Sudan Prime Minister resigns as revolutionaries push to end military rule

Sudan’s Prime Minister Abdalla Hamdok resigned on Jan. 2 amid widespread protests demanding an end to military rule that have faced deadly repression. Hamdok, a civilian, announced his resignation in a televised address. Hamdok’s agreement with the Sudanese military after a coup in October was massively unpopular and protesters took to the streets against what they said was a betrayal of the revolutionary process that began in September 2018. 

Hamdok first became Prime Minister in August of 2019 as part of a power sharing agreement with the military that was supposed to eventually result in a transition to an elected government. But Hamdok was deposed in a military coup in October 2021 when the armed forces led by Lt. Gen. Abdel Fattah al-Burhan forcefully seized power and declared a state of emergency. Hamdok, however, shortly returned to office by signing a political deal with the military the following month. Hamdok justified this move as an attempt to avoid casualties, but the military repression of demonstrations continued. 

Tens of thousands took to the streets demanding the establishment of full civilian rule and denounced Hamdok’s move to seek an accommodation with the military. This coup dissolved a 2-year old joint civilian-military Sovereign Council, which was created after the 2018 revolution deposed long-standing ruler Omar Al-Bashir. Hamdok was put in power to oversee Sudan’s government until the next elections, but in practice had limited authority.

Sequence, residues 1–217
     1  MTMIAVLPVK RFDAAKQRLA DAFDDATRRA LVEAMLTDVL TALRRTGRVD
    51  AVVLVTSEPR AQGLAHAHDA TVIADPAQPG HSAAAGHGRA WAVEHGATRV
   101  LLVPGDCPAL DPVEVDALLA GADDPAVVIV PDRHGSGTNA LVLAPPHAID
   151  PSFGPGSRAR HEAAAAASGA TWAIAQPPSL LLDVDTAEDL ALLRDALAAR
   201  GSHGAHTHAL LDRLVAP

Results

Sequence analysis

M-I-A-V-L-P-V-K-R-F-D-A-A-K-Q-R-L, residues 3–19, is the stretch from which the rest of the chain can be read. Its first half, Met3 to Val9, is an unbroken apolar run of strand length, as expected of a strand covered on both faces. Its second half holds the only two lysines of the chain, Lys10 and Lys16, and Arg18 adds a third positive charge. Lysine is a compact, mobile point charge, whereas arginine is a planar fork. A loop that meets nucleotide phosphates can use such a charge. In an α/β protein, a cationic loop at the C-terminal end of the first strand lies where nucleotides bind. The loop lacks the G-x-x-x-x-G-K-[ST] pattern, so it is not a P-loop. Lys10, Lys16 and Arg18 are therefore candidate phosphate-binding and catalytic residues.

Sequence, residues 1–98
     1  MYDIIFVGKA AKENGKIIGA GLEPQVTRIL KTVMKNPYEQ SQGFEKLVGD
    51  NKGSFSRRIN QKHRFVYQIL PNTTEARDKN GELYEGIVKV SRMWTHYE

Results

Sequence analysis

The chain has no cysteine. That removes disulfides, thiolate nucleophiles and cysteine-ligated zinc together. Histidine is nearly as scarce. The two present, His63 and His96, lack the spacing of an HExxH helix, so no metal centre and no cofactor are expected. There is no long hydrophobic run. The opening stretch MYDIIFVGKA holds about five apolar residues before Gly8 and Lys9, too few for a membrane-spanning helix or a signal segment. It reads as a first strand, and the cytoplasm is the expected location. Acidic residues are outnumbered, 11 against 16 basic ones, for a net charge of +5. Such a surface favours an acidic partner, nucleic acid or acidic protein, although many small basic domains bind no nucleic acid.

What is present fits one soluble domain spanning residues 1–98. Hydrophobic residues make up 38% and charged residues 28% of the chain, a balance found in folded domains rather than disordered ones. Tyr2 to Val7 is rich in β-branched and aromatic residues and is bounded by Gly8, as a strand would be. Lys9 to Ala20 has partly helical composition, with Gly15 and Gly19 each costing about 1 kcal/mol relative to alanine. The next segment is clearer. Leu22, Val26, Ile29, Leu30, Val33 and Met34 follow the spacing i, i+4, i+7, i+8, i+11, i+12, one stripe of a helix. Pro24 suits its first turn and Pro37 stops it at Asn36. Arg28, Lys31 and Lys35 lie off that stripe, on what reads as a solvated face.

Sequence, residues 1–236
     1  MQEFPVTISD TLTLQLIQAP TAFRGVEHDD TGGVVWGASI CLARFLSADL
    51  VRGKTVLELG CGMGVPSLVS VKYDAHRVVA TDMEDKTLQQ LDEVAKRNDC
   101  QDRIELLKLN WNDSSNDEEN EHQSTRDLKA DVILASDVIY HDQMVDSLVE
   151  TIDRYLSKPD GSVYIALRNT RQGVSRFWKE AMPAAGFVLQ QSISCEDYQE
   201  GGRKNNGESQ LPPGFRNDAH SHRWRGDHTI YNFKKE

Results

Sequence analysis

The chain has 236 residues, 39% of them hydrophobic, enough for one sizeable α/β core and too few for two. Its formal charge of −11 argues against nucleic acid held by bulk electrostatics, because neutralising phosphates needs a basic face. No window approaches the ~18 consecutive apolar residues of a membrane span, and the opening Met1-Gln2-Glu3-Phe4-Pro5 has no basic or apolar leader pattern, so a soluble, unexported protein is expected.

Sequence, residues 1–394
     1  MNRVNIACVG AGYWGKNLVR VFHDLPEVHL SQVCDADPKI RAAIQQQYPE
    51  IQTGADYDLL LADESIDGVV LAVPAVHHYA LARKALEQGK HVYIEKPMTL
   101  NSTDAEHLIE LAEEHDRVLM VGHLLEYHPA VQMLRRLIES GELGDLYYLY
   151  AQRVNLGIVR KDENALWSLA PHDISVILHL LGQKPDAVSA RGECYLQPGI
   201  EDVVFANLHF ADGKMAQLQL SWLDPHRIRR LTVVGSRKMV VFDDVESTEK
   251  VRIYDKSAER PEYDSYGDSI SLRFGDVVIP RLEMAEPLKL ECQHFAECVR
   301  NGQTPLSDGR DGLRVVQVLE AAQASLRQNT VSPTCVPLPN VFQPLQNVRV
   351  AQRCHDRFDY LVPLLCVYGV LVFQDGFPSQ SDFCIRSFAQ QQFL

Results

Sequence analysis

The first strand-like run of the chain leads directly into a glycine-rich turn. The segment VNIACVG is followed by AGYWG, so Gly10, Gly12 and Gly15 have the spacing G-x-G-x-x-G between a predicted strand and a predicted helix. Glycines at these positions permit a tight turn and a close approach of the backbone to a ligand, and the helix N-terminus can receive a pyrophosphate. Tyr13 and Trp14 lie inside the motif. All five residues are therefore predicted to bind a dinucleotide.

Just hours before Hamdok’s resignation, police violently dispersed protesters, killing at least three people according to the Central Committee of Sudanese Doctors. Hadmok’s resignation represents the failure of his earlier acceptance of an alliance with the military. Supporters of the revolution – including unions, neighborhood resistance committees, and political parties like the Sudanese Communist Party – rejected this “power sharing” from its outset. 

Despite continued violence and military repression, protesters have been leading actions in the hundreds of thousands to press their demand for a completely civilian government. Even though Hamdok’s resignation itself was not a key demand, this development is an indication of the determination and strength of the movement fighting for the complete removal of the reactionary military’s grip over the government as well as the depths to which military leaders will sink in their attempt to undo the revolution. 

The people in Sudan have been able to achieve massive gains by gathering in the streets in enormous numbers to demand change with a dedicated and uncompromising people’s movement. In the face of the current highly volatile situation, the revolutionaries are committed to continue on this path.  

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